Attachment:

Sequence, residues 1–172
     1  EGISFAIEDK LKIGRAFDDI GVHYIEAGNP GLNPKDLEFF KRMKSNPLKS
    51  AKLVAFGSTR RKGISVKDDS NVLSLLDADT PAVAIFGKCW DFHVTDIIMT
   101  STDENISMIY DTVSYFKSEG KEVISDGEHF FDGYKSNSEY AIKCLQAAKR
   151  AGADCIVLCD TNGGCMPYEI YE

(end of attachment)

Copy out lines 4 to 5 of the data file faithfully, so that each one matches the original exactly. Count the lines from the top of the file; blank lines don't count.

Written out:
   101  STDENISMIY DTVSYFKSEG KEVISDGEHF FDGYKSNSEY AIKCLQAAKR
   151  AGADCIVLCD TNGGCMPYEI YE